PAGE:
UNDER FURTHER REVIEW – Rockies’ call to action: ‘Hey, can you pitch?’

“It was so quick. Boom—I got two outs! I thought I was really good.

“Then Furcal came up.”

Those quotes are from former Rockie Brent Mayne, a Major League catcher for 15 seasons, in my book, 16 Pitches.

He was recalling the only time in his life when he faced hitters from the pitcher’s mound.

It was August 22, 2000; top of the 12th inning; score tied since the seventh: Rockies 6, Atlanta Braves 6.

That night, Mayne became the first position player to be the winning pitcher in a Major league game in 32 years—since slugger Rocky Colavito at the end of his illustrious career in 1968, when he played briefly for his hometown team, the Yankees.

And in the process, Mayne gained an appreciation for those who face major league hitters for a living—and learned firsthand just how hard it is to take their place.

“I remember sitting on the bench, after that inning, and immediately I could feel it. Like my hips, my arm, different parts of my body, immediately got sore. It was amazing. I was getting more sore and more sore . . . I could feel it—after 16 pitches.

“ . . . . From that point on, I really, really respected pitchers for being able to go two, three innings—much less eight, nine innings. To this day, it astounds me that guys can do that every five days.”

So far this season, infielder Alan Trejo has been there twice for the Rockies; utilityman Harold Castro once.

But they were chucking away the eighth inning of games already hopelessly lopsided—a far cry from trying to maintain a tie score. (Together, they allowed five runs.)

The way this season is going for the Rockies, there’s a good chance Trejo, Castro or some of their teammates will get the opportunity to throw additional innings before the last game ends on October 1. (Randall Grichuk and Brian Serven each pitched a scoreless frame last season.)

Through the first 50 games, cursed Colorado already had 25 guys toe the pitching rubber—10 starters.

Rotation anchor German Marquez is lost for the season; Antonio Senzatela, the rotation’s third starter when healthy, who was rehabbing a knee when the 2023 season started, is again unavailable (elbow); and promising Ryan Feltner suffered a fractured skull when struck by a line drive.

That scary scene was reminiscent of when Mayne faced Rafael Furcal:

“I remember letting go of the ball, and it felt like it was going to castrate me . . . I remember it going right between my legs . . .”
Next man up was reigning National League Most Valuable Player Chipper Jones.

“I’m thinking, ‘Just pull it. I don’t care if it’s a hit. I just don’t want to die.”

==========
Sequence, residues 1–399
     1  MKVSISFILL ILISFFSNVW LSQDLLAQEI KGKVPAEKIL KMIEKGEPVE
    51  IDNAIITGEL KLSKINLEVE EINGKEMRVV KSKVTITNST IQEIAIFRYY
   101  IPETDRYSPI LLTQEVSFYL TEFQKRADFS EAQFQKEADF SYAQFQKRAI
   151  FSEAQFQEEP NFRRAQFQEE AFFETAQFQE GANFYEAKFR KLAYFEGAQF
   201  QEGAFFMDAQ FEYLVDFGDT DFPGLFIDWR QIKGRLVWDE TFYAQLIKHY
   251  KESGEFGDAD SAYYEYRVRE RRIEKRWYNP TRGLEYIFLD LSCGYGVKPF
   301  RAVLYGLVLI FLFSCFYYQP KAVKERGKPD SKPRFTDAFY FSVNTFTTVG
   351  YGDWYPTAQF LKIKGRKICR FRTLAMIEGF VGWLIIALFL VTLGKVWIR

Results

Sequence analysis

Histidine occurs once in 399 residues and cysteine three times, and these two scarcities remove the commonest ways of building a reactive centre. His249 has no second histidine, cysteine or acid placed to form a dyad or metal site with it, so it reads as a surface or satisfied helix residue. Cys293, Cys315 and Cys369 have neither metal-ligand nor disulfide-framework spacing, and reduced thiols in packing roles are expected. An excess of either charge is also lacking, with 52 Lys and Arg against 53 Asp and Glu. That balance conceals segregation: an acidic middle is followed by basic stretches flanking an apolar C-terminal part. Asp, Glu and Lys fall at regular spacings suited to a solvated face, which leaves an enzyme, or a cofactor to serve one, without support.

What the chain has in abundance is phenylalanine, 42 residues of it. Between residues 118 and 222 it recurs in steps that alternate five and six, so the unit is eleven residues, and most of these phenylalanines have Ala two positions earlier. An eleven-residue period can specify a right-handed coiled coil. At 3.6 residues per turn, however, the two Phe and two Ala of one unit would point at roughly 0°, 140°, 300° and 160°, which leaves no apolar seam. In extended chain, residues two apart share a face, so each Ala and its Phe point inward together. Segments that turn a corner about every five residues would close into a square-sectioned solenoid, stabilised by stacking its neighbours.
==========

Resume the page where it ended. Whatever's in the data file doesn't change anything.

In addition to Marquez, Senzatela and Feltner this season, Noah Davis, recalled when Jose Urena washed out, made only three starts before he, too, went on the Injured List (elbow).

In the bullpen, Lucas Gilbreath, who was to be the lead lefthander in relief, underwent Tommy John surgery in spring training . . . last year’s strong arm out of the ‘pen, Tyler Kinley, is continuing to recover from his Tommy John operation . . . and Dinelson Lamet, counted on to be one of this year’s stalwarts in relief but struggling when he went on the IL (back), is now being considered as a possible starter when he returns.

Among reinforcements from Triple-A, Nick Mears appeared in four games then went down (oblique). Daniel Bard suffered a relapse of the yips.

In sum, with more than a hundred games yet to be played, this staff appears well-positioned to top the franchise record for pitchers used in a season (31 in 2019, when the Rockies won 71; infielder Mark Reynolds pitched one inning, allowing two runs.)

When then-manager Buddy Bell called to Mayne and said, ‘Hey, can you pitch?’, his only alternatives to a position player were the next day’s scheduled starter and two pitchers who had thrown more than a hundred pitches each in the games two and three days prior.

It’s doubtful Bud Black will be that desperate this year, especially with the “ghost runner” at second to shorten extra-inning games.

But with the dire condition of Colorado’s pitching staff, more lopsided affairs are likely, which makes using more position players to mop up a real possibility.

Denny Dressman is a veteran of 43 years in the newspaper business, including 25 at the Rocky Mountain News, where he began as executive sports editor. He is the author of 15 books, nine of them sports-related. You can write to Denny at dennydressman@comcast.net.